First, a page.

By Kovie Biakolo
After a week of waking up with sensations of anxiety, things reached their bleakest point last Friday when I had to take a mental health day off. I cancelled almost every commitment, meeting, project, class assignment, teaching task, grading, writing piece, etc. I had planned to do, and spent the whole day in bed. Sooner or later I did start writing something that only had the effect of opening up old wounds or maybe finally dealing with them. And that was the straw that broke the camel’s back.
Or maybe it wasn’t so much a straw that broke the camel’s back as it was the trigger of strong feelings of helplessness and hopelessness. Then came the feelings of emotional and physical paralysis. I couldn’t do anything; I felt like I just couldn’t do anything. So I cried. No, it wasn’t just one glistening tear or a few moments of “letting it out.” I sat in my bed and cried pretty regularly throughout the day. Anxiety, stress, tears, panic, and well, more tears, and more anxiety. This isn’t “normal.” And yet it seems not so abnormal for twenty somethings.
I’ve had a few days like this in the past; I can count them all on one hand. Apart from having to, or rather trying to, learn what it means to be a vulnerable person in my adulthood and diminishing my fears of being perceived as weak, I’ve also known that mental health is something that always needs attention. Having had loved ones who suffered and suffer from mental health illnesses, I am aware; I am always aware.
Yet I am also aware both from education, (Thank you Social Construction of Health class.) and experience, that how we speak of and deal with anxiety today is the result of the medicalization of well, just about everything we may perceive as negative. Now don’t get me wrong. There are people with both mild and serious mental health illnesses who benefit greatly from therapy – simply needing someone objective to talk to – and drugs – that help with the chemical composition of the brain. It’s a good thing and it is a necessary thing for people who struggle with their mental health.
But there are also people like me – who are caught up in their twenty something life and are maybe in transition of some sorts in that life (Check) or dealing with particular stressors (Check) or facing difficult decisions (Maybe?), that just need to take a day off or two. Maybe go for a run. Maybe indulge in some prayer and meditation. Maybe do some yoga. Maybe get some acupuncture done. Maybe get a massage or reflexology. Or maybe call your mother and cry some more. Maybe, all of the above.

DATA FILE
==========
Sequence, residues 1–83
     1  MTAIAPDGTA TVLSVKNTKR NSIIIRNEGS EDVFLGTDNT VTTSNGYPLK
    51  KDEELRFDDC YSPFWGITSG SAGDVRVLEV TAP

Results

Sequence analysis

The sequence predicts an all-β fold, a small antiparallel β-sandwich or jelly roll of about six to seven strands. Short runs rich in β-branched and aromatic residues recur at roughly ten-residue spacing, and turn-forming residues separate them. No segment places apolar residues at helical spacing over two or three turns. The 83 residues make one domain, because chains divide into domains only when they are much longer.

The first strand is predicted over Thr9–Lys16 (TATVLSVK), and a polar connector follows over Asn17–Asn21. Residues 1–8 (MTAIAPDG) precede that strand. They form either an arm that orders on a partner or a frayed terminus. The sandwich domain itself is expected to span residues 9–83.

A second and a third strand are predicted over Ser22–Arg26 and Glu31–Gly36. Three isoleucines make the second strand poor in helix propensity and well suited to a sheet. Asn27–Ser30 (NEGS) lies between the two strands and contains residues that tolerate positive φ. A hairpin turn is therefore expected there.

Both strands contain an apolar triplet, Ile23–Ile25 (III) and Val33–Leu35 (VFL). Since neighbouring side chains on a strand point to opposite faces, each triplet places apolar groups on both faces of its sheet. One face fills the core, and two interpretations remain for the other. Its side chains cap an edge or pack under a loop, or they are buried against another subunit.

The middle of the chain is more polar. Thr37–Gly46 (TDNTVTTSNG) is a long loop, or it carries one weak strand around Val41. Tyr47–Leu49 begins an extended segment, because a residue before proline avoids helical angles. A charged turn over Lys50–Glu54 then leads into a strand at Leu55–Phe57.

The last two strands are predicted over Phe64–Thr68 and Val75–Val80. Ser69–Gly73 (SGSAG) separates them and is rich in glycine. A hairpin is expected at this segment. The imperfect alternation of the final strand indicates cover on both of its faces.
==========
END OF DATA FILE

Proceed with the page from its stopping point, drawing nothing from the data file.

I think anxiety is the new normal of the twenty something life. How can it not be? A generation that much was expected from is seemingly not living up to expectations. That aside, the twenties are a transition now more than ever from essentially being a child to being an adult, and all the professional, financial, personal, and spiritual challenges that go along with that. I wish I could take my dad’s advice and remember, “Growing up is not easy, so take it easy.” That is sound advice, isn’t it?
But I think instead, we medicate. I’ve always medicated by overworking. Sometimes over-exercising. Sometimes over-consuming food or alcohol. And indeed it is not limited to these for many in my generation. Sometimes it’s drugs, sometimes it’s sex; it can be anything, and it can be everything. Of course the problem with medicating with things you shouldn’t, or things you shouldn’t do too much, is that it catches up with you. And maybe only has the effect of making you more anxious. Eventually, you break down. Maybe all you need is a mental health day, and a day or two to get it together. That’s what I needed. Maybe you need more. Get help if you need more. Either way, you don’t have to face your twenty something anxieties alone.
I’m anxious about the future – not in ten years. The six-month future. Sometimes I wish I could just fast-forward to it because I think in that place, I will be 100%. Except we’re never 100%. In six months, I’ll have a different set of challenges to solve. Maybe I won’t need a mental health day but none of us are ever problem-free. Until we’re dead of course. But I’d be happy to put that off for a few more decades or so.
So make a list of what you can and can’t control, and focus on the former and leave the latter to the heavens. It helps. Counting your blessings help. Keeping your life and lifestyle in moderation helps; talking helps. You are not your anxiety, your worries, or your problems. These things will pass because they always do. Moreover they might be part of the big picture of your life but they are not the picture itself. Never lose sight of that big picture; there are thorns to be painted along with the roses. And the picture will always be more beautiful because of it.